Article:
Friday, 24 August 2012

Lancaster Canal. Garstang to Glasson Dock.

The next stop on our tour of the North was St Andrews. We stayed with Dave’s Mum’s Cousin Mary in her beautiful house and were treated like royalty.
We looked at lots of old photos and poured over family tree stuff till late in the evening, then in the morning, Mary took us for a walk around the town, the ruined cathedral and the lovely beaches.
We started off gently strolling along so as not to tire our aging relative Tbut ended up having to get a shifty on just to keep up. Among the family records that Mary has were some photos that we hadn’t seen before, including this one.
We think it’s 1960, just before John & Felicia went back to Australia after getting married in Sheffield.

Back row from left: John & Felicia, Chris (holding Richard) & Margot, Mary (holding Kate) & Bill, (Daves Mum & Dad) & Michael.
Middle row: Grandma & Grampa Wood
Front row: Phillip, Dave, Judith & John.
Only two of the adults in that picture are still alive. Dear reader, if there’s one thing we’ve learnt, it’s this: Whatever your dreams may be, waste no time in chasing them.

There was one other document that caught our eye but more about that later.

On our way back to the boat a small diversion took us to Falkirk and it seemed silly not to go and have a look. Here's a link
Of course we’d seen pictures but as with anything on that sort of scale they don’t do it justice.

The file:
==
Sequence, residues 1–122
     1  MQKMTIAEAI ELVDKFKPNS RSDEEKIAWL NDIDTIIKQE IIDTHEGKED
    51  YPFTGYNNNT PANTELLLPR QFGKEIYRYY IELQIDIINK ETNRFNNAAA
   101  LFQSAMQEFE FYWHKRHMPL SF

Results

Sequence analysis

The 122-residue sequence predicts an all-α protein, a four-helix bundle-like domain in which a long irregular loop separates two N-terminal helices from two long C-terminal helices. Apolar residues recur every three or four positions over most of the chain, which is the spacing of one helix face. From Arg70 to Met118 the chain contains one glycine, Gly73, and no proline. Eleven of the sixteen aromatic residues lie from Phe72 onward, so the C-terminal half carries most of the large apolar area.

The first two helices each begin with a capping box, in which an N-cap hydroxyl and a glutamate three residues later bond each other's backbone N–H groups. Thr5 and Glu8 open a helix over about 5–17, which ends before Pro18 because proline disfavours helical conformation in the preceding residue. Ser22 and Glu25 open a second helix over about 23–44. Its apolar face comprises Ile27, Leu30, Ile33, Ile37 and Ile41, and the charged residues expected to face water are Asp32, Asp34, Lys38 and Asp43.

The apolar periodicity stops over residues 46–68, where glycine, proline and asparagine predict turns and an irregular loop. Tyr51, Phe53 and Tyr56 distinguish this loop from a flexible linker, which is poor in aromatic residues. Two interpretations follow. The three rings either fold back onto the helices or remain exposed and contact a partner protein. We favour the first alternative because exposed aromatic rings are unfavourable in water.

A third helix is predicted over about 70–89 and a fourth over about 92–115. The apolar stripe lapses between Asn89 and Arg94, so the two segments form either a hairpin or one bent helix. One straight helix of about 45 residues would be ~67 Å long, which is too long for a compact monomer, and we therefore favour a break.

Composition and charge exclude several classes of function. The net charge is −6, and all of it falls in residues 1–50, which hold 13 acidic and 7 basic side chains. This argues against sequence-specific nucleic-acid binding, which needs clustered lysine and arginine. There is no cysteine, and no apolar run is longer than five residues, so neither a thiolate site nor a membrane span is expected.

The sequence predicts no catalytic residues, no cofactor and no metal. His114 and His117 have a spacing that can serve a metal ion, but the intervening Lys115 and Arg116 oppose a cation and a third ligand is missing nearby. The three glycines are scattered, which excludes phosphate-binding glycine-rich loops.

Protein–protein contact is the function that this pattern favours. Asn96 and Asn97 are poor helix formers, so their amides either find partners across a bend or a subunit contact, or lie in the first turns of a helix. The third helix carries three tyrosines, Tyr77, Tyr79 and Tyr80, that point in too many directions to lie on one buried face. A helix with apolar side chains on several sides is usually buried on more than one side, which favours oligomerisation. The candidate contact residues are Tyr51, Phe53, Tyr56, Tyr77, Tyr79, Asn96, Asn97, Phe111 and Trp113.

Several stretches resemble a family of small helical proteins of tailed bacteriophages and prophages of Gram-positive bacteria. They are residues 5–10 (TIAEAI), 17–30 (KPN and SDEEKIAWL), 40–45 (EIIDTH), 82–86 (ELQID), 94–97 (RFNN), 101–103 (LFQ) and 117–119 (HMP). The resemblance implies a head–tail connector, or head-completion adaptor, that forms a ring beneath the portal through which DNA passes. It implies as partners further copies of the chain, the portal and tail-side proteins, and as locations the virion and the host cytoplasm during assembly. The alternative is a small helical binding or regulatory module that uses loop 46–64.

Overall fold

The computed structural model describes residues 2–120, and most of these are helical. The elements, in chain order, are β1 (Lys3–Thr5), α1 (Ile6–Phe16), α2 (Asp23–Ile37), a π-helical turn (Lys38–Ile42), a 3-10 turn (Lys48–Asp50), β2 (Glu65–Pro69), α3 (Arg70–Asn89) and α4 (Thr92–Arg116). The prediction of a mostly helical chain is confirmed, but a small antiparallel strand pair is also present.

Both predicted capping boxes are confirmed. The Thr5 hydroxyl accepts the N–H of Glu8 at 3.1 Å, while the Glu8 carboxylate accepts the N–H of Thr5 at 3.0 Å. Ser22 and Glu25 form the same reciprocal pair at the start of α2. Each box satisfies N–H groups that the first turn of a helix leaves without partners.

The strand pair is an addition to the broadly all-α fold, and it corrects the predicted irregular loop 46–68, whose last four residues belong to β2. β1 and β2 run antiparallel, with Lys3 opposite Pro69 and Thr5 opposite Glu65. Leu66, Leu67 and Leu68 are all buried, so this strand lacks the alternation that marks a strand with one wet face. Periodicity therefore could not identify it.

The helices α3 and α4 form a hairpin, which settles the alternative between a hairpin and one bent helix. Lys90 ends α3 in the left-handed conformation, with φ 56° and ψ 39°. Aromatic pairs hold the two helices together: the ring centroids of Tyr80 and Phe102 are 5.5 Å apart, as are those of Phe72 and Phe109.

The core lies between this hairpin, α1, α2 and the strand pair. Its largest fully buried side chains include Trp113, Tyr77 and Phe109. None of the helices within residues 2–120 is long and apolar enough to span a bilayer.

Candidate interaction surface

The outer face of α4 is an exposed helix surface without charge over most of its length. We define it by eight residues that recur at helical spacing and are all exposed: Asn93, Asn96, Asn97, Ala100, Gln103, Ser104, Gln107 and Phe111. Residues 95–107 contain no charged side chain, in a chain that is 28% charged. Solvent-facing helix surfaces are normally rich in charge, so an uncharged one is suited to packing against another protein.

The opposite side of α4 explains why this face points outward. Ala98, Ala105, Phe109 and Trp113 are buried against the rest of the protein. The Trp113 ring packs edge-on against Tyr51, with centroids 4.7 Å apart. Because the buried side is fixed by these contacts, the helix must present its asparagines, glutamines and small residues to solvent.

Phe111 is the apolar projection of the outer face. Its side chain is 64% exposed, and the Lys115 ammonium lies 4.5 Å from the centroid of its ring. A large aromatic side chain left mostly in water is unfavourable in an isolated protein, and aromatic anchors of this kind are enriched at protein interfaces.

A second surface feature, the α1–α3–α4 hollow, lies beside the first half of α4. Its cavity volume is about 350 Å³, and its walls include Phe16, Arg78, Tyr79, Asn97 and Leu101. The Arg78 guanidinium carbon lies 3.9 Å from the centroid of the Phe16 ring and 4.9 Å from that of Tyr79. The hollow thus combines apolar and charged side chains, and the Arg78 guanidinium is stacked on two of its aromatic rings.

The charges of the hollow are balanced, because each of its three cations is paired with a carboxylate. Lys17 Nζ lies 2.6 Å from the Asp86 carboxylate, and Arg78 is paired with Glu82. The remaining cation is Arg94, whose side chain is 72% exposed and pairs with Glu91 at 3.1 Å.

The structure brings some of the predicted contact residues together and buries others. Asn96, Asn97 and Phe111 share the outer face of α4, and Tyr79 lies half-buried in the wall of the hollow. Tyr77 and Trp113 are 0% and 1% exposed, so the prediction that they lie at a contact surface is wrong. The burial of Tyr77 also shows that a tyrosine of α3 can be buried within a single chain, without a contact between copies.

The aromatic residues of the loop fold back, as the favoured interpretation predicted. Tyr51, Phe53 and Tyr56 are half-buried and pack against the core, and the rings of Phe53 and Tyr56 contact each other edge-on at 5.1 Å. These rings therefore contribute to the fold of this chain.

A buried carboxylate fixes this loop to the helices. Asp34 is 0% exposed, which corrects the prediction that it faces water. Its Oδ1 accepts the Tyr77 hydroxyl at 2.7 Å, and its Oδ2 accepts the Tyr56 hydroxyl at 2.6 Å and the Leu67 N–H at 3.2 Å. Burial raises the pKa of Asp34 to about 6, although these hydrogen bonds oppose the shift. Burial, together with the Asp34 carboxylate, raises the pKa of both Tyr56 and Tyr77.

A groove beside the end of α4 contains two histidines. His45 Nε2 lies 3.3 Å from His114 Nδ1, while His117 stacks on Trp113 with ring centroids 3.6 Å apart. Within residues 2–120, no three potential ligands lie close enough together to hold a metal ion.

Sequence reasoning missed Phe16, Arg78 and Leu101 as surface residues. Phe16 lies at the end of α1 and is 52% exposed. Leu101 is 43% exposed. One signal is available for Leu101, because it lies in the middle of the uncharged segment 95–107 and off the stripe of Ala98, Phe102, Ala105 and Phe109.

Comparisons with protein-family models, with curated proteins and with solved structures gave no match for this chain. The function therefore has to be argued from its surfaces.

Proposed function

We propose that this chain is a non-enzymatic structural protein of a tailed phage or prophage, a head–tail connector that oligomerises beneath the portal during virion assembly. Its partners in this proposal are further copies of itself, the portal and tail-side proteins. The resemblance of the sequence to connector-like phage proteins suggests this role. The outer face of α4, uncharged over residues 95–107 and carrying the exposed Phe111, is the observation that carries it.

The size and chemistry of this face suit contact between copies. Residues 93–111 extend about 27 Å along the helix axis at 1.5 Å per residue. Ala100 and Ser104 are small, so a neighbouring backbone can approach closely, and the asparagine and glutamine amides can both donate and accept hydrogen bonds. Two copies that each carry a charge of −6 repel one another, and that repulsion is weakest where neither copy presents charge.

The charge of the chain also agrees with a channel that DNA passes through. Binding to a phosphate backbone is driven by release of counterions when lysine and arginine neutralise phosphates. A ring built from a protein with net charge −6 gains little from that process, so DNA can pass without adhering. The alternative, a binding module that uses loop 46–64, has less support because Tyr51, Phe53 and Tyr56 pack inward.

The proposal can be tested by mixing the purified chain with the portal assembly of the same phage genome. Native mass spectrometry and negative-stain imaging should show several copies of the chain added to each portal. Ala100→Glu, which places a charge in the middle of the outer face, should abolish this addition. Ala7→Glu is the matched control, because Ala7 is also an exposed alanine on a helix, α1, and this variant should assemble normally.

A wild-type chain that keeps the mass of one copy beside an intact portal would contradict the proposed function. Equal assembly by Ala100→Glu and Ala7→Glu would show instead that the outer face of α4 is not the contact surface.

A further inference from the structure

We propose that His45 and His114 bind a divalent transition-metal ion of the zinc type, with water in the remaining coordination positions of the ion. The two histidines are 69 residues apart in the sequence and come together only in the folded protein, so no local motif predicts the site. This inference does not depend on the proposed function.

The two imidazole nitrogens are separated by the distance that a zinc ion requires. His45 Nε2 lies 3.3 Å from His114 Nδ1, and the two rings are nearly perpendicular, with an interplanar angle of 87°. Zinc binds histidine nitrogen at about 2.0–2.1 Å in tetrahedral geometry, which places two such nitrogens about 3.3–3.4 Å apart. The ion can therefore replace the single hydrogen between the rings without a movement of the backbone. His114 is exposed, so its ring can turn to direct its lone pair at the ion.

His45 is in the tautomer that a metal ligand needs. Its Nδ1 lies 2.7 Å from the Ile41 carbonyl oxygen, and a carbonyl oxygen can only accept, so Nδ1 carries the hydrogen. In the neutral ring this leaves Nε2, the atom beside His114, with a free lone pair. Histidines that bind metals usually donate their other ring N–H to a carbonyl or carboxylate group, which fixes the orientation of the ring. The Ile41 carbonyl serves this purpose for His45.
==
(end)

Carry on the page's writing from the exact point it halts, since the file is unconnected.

As well as being impressed by the Wheel itself, we thought the area around the basins and visitors centre was very well done.
There are interactive play areas for little kids………

and not-so-little kids.

Legend was on a seven day mooring at Garstang, so when we got back we set off north towards the Glasson branch. We weren’t intending to go all the way down to Glasson, but once we’d turned the corner and gone through the first lock we didn’t have much choice.
The branch doesn’t see a lot of boat movement, so the banks are quite overgrown and shallow near the edges.
There’s also lots of stringy pond weed trying its hardest to get wrapped round the prop; Legend seemed to spend almost as much time in reverse as Dave tried to keep it clear. And the locks are of yet another unique design and very hard work,
but for all that it’s a lovely stretch of water and completely worth the effort. This is what greets you at the end.
Glasson Basin. Sometimes it’s calm and serene.
Sometimes not.

The Lancashire Coastal Path goes through Glasson Docks and we’ve been for walks in both directions, and even managed a 14 mile hike along the disused railway line the once linked the dock to Lancaster. Here’s some of the birdlife we’ve seen.
And here’s something we found in the village shop.
It looks perfect on the Squirrel.

Now, about that other document. At the top of it was “Parish of Garstang” which caught our eye as Garstang was where Legend was moored at the time. It was a death certificate from 1924 for Great Aunt Rosalie who, aged 26, was swept off the promenade into the sea at Blackpool and was washed up on Preesal Sands three days later. She was buried in Pilling, which is only about 4 miles from Glasson Dock, so armed with our OS map we set off in search of her. In the end it wasn’t that hard. She’s in the little cemetery beside the St William of York Catholic Church.
It seemed like a nice place to be. Here’s a photo of her aged 20.


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